Very interesting! But above all things, should you make this solution, be REALLY sure which way the breeze is blowing if used outdoors. You don't want to catch it in YOUR face by accident! When out riding one of the horses I used to get chased by dogs from 1 farm. I finally loaded a plant mister with straight vinegar and used it on "stream" setting and caught both dogs in the face. After the 2nd time, they no longer come near the road when I go past.

    Reply
  • Terry T

    Uh.....You're joking right? Anyone out there ever had to pump a spray bottle 20-30 times to prime it after a long period of disuse. I wonder if a vicious attacking dog or a mugger would have the patience to wait while you play stupid priming your homemade spray rig and and get the spray adjusted just right. For those incapable of devising a better system of delivery, I really think a better suggestion would be to pay the few bucks for the commercial spray in a real deal delivery system. Some even present themselves much the same asa small pistol and cost little for much better assurance of delivery. At least if there are any survivors left from among the victims, they can sue if the product doesn't deliver. if you still wish to trust your life with an experimental curbside demonstration of your culinary ingenuity, I would strongly suggest making a large enough quantity of the stuff to halfway fill a trusted reusable aerosol can which may be charged with compressed air.. If you really want an edge, thread a brass tire valve stem, the kind used in commercial truck wheels, into an empty but decent quality small fire extinguisher after drilling an appropriate sized hole in it. Fill the cleaned out container to about the 1/2 way mark with your prepared mondo mix and top it off with 150 psi of compressed air. I promise that the crippled victim of a bath in your concoction will not be eager to come back for seconds when the first one begins to wear off in 15 min or so but there will be plenty left available it he, she, it decides to take another stab at it (so to speak). If you cannot manage this, just use the damn dry chemical fire extinguisher on the bastard, or even the mugger. At a minimum it will choke your assailant half to death and give you a good chance to split. I would recommend keeping the aerosol propelled device on the weak side to free your other hand, and your best dexterity for the powder propelled plan B device, such as the one I carry on my strong side.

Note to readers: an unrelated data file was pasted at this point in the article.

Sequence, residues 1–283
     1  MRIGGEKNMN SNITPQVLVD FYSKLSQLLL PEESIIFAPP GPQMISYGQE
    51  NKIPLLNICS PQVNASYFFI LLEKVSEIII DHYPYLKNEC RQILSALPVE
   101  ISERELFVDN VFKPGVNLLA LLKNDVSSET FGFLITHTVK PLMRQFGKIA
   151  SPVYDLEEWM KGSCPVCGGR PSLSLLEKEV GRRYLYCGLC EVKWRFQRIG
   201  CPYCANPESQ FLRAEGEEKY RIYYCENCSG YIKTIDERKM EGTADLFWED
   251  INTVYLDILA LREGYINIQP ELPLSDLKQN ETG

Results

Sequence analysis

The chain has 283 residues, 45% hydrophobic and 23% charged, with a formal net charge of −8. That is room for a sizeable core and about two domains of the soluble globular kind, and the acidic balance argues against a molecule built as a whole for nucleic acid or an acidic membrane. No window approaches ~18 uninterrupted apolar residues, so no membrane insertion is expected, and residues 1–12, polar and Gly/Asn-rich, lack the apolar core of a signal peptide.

Reply
    • Cheryl L Olson

      Not exactly sure who you are addressing here, but I NEVER have to pump a spray bottle to ready it for use at the time of use. It only takes a tiny bit of common sense to realize that. Your inflammatory discussion is not necessary! I am sure you could get your point across without belittling others. Not so sure everyone else on this site "plays stupid".

      Reply
      • Bets

        I agree with you, Cheryl.
        Plus this 'recipe' should only be kept in the refrig 2-3 months.

        So i think we should already have these ingredients available to use when we need it, especially those hot peppers that need to be dried.

        Reply
  • ron

    Funny post by Terry T, however, if he has a Big Iron on his 'strong side' he doesn't need a puny little can of pepper spray. He could probably buy an old fire truck and make some big pepper spray as well. Ok, enough of that.

    I have soaked fresh peppers and dried habaneros in vodka and also pure grain alcohol to make pepper spray. By the time it's finished I'm soaked with sweat as these peppers light me up. I've used cod liver oil and fish emulsion for a stinking carrier. And have also poured in a bottle of food dye for that festive look. (It makes him easier to pick out in a police line-up).

    So Terry T, if you see a green man running through your back yard he's not an alien but probably some unlucky soul that's been to my house first. Please keep that thing holstered and let him keep running.

    Reply
  • Cheryl Olson

    Not sure why this comment is on this site..It has nothing to do with APPs, iPods, etc. You are spamming us here..

    Reply
  • Cheryl Olson

    For faster "production", (though a bit costlier) you can buy powdered ghost peppers on ebay for about $3 a test-tube full. East to stash for future use. It saves worrying about things like crop failures when growing your own. Or, as a stand in until your peppers reach maturity and you can process them.

    Reply
  • El Duderino

    I bought a name brand spray, but being "a guy" I threw the instructions away. I live in perpetual fear I'll spray myself. Thanks for the how-to. Even I can't screw this one up! My eyes! My eyes!

    Reply
  • Harry Merkin

    Don't use a spray bottle. Get REAL REACH with a cheap kid's toy. A SUPER SOAKER SQUIRTGUN.

    Reply